Tuesday, August 12, 2014

Student Post: Wolfgang Amadeus Mozart, Part 2

In the first post we learned about what was happening in the world when Mozart was alive and about his early years.

Mozart spent most of 1770-1773 in Italy. People liked him very much there, and several of his operas were produced in Milan. The pope even awarded him the Order of the Golden Spur! Between 1773 and 1781, Mozart spent most of his time in Salzburg. He was frustrated because he did not have many opportunities and because no one appreciated him, but he kept writing music. It was around this time that he became friends with Haydn.

The Middle Years

Now Mozart was 21, and he wanted to travel alone. But his father who always went with him, insisted that Mozart's mother go with him because he wasn't able to leave his work. Mozart and his mother left Salzburg in 1777, heading for Paris. They stopped in Mannheim, Germany, where Mozart met Christian Cannabich, a famous orchestra conductor at the time. Also in Mannheim, Mozart met and fell in love with Aloysia Weber. He wanted to stay in Mannheim with Aloysia, but Mozart's father urged him to go on to Paris, so Mozart and his mother left Mannheim. I'm sure Mozart was glad afterwards that he got to spend that time traveling with his mother, because she died in Paris in July 1778. Mozart soon returned to Salzburg, stopping in Munich on the way to visit the Webers (they had moved to Munich). He discovered that Aloysia was no longer interested in him. Mozart came back to Salzburg, very depressed over his mother's death, his disappointment in love, and his unfulfilled musical goals, but that however did not keep him from writing more music.

The Later Years

The prince-archbishop of Vienna summoned Mozart, so he moved to Vienna and lived with the Webers who also lived in Vienna at the time. Soon, he fell in love with Aloysia's sister, Constanze, whom he married in 1782. In the next nine years, some terrible things happened to Mozart: serious money troubles, the death of four of his children, the death of his father in 1787, and his wife's ill health. Out of all of this tragedy he wrote some of his best music.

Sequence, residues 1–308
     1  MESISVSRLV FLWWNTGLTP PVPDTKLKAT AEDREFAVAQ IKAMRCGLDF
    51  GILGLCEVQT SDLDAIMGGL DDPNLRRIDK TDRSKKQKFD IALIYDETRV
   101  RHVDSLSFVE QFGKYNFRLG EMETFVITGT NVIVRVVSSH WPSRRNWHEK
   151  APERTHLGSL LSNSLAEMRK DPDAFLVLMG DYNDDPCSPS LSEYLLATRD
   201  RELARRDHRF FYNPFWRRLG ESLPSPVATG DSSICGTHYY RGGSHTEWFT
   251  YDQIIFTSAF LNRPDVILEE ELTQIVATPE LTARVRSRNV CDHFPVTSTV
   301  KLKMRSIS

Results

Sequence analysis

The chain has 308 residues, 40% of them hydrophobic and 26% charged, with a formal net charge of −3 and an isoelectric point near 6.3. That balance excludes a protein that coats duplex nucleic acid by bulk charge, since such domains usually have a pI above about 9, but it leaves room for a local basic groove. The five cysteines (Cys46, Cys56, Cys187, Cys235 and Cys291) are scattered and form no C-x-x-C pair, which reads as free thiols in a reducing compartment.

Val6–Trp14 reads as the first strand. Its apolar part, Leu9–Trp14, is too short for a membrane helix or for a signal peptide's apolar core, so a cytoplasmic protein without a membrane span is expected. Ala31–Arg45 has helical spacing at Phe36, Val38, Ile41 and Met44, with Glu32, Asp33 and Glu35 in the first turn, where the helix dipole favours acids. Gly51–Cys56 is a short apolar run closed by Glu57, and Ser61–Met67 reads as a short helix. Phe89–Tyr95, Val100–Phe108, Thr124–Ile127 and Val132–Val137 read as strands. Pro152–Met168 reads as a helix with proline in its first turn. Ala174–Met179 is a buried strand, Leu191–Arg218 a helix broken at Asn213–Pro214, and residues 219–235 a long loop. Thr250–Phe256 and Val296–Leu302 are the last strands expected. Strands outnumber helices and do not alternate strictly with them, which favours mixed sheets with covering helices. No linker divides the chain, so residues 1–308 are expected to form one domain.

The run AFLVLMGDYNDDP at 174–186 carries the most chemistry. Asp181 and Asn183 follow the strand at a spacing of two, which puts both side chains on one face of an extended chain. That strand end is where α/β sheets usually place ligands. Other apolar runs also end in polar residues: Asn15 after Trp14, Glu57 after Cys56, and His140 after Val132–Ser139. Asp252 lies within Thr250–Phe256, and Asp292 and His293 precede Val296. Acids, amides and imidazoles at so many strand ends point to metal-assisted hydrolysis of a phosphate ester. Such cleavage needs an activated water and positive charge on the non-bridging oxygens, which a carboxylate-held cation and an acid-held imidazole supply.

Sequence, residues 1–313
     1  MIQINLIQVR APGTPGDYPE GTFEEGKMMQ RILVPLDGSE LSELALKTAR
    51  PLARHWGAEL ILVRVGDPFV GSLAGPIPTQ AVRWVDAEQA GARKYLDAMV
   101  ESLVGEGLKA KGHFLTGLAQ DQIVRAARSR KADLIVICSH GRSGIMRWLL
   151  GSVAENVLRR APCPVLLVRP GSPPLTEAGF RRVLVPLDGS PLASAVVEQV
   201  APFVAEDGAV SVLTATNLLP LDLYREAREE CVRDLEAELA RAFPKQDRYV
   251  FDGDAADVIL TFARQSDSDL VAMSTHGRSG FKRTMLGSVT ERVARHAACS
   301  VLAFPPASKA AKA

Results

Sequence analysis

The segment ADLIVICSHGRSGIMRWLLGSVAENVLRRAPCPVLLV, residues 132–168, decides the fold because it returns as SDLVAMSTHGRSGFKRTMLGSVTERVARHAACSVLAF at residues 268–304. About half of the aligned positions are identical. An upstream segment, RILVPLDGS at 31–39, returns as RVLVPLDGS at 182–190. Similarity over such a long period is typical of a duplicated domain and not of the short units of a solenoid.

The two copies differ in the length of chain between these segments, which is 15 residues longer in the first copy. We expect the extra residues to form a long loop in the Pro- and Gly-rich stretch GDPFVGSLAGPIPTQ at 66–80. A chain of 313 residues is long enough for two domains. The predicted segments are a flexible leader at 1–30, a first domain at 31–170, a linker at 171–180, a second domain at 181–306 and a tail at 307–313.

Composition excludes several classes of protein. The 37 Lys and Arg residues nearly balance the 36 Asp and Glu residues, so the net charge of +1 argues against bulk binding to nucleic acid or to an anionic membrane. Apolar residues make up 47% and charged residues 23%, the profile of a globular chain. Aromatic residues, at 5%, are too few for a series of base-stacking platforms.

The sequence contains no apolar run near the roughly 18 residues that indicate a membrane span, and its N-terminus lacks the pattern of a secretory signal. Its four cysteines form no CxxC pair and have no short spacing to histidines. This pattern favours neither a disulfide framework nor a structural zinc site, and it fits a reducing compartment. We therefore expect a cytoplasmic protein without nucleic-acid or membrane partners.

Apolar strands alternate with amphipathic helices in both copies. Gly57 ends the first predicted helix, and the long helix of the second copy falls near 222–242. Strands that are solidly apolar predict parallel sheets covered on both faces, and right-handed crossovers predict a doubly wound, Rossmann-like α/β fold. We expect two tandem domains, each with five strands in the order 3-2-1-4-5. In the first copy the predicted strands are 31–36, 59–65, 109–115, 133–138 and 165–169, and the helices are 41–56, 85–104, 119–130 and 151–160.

One of the greatest influences in Mozart's life at this time was his friendship with Haydn. He and Haydn respected each other, and they studied together, which was a help to both of them.

Another great influence was Mozart's discovery of the music of Johann Sebastian Bach, which helped him in his increasing use of counterpoint (counterpoint is combining different melodies in a piece of music).
Mozart continued to travel around. He traveled to Linz, Prague, Leipzig, Dresden, Berlin, and, in 1790, he went to Frankfurt to perform at the coronation of Emperor Leopold II. (In order to go to Frankfurt, Mozart had to pawn some of his possessions.)

In the autumn of 1791, Mozart became sicker, more depressed, and thought about death often. But he kept on writing. He was trying to finish the Requiem and he thought it would be for himself. Mozart never finished the Requiem. He died on December 5, 1791, at age 35, and he was buried in a pauper's grave.
The Works 

     Mozart wrote hundreds of compositions in his 35 years. He, along with Haydn, transformed the light rococo style of music into the grand classical style of symphony, opera, and concerto. In some of his music, there is a foreshadowing of Romantic music, which came several years later.
I suppose one of the things we can learn from Mozart's life is that even if hard things are going on in your life, keep loving, playing, and composing music. You will play even better if you put those emotions into your music.
Also, if the girl you love isn't interested in you any more, take courage. You just might get to marry her sister.~

Guest writer: Rachel Holbrook

1 comment:

  1. Thanks so much Mr. Buni! I really did enjoy writing this!


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